I also examined the pottery from nearby Fadous-Kfarabida , stored at AUB. The assemblage is very similar to Koubba. These sites seem to corroborate the picture already present at the famous site of Byblos (Dunand 1973), where the EBII transition appears to be very abrupt: a slow, evolving, local ceramic industry during the previous centuries with a rapidly introduced change in ceramic styles around 3100BC. This was likely accompanied by drastic socio-economic changes in agricultural production in the region. The questions colleagues and I still seek to answer are: Who steered these changes? Was there a centralized effort behind these massive changes? How does the shifting attention of the first Dynasties of Egypt for Byblos matter and how did it influence people’s lives in the region during this period?  

Very instructive in this light was my visit to Sidon, to the south of Beirut. Sidon is a coastal town with a very long history of habitation starting in the Chalcolithic/EBI period and continuing practically uninterrupted to this day. A team led by Dr Claude Doumet Serhal was currently excavating in the charming ancient heart of the city (see Image 3). They kindly welcomed me in their midst and here I had the opportunity to study the important ceramic assemblage, which was excavated from six excavation strata.  Encompassed was the crucial change in ceramic development and economic reorientation I was looking for. Although the material was previously published, examining the sherds up close for technical details still helped unlock new insights that were not as easily understood from the published record. Under the shade of a large plastic tarpaulin—the sun in Sidon was still strong—and with the accompanying sound scrubbing clean the newly excavated pottery, I carefully went through the pottery meticulously stored by contexts.

Image 4: The ‘Sidon office’ under the shade of an improvised tarpaulin.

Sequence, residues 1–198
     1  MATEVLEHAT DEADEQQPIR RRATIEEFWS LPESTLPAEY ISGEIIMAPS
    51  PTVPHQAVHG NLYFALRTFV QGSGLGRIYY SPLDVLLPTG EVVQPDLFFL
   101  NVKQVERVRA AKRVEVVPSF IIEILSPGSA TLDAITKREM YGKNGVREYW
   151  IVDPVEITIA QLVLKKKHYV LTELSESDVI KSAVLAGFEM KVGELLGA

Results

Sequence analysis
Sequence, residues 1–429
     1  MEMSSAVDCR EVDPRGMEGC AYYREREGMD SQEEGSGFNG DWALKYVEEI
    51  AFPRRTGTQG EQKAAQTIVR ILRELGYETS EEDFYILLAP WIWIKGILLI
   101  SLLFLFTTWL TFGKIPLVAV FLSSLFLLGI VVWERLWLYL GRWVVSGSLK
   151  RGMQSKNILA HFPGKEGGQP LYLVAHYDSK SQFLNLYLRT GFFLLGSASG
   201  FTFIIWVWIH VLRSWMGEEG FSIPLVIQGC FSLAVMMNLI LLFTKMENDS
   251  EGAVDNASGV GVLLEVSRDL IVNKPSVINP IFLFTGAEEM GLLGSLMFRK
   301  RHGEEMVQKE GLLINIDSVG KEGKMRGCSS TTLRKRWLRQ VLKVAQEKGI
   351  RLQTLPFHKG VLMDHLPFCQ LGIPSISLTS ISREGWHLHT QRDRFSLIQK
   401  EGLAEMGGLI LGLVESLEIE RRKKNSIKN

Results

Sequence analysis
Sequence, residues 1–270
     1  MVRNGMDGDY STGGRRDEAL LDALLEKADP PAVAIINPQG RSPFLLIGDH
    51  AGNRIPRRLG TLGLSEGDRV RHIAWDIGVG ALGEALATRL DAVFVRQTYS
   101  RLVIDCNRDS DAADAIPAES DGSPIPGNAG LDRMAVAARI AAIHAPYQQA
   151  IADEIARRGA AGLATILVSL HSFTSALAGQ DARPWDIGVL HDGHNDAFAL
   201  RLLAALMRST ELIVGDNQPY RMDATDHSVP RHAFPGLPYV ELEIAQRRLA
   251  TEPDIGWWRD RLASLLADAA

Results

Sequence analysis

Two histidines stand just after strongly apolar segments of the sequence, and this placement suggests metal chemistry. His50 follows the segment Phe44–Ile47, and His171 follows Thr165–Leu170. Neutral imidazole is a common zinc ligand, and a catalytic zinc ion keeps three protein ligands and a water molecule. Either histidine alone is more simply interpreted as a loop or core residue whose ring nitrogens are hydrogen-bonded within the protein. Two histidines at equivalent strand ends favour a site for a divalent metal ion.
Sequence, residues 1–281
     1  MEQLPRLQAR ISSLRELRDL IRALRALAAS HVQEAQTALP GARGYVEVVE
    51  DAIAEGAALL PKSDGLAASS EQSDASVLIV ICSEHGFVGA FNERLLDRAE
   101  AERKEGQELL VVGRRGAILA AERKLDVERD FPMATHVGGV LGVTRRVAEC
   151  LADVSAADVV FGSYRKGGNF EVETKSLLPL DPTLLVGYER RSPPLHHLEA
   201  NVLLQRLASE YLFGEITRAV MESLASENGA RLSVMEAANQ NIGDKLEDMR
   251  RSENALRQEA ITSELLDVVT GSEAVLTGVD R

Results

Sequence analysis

The Sidon material was crucial in showing a more nuanced transition from an earlier Chalcolithic/EBI pottery tradition of marl-rich clay with vegetal temper and red slip to the hard fired ‘metallic’ wares associated with the EBII urbanization process. Nuances in the Sidon pottery suggest potters were actively adjusting their pottery to the new influences from further south. Moreover, I had seen the type of pottery from the earliest layers before when examining pottery from the northern Jordan Valley and thought it would fit well with Early Bronze Age traditions from this region. 

I was able to confirm my suspicion by studying the reference collection of EBI ceramics from the site of Shuna North held at CBRL in Amman. In addition, I could also make use of the well-stocked library to look up references on the Early Bronze Age in the region. Looking at the ceramics from one of the earliest Early Bronze layers at Shuna, I discovered a near identical red slipped vegetal tempered pottery to the one I saw at Sidon! The earliest pottery from Sidon is in line with these EBI phases dated around 3600BC in the northern Jordan Valley. At Sidon this pottery continued right up till the introduction of the new metallic ware types in the EBII. Further research will have to show how sites in Lebanon further differ in trajectories towards urbanized life. 


Dunand, M. 1973. Fouilles de Byblos Tome V. Libraire d’Amérique et d’Orient. Paris

Michel de Vreeze is a CBRL Post-Doctoral Fellow and honorary research fellow at Durham University. He currently work as a ceramic expert and field excavator on the Early Bronze excavations at Tell Koubba, Lebanon. Continuing his studies into the region, he recently started as a project-curator at the RMO in the Netherlands working on a forthcoming Byblos exhibition.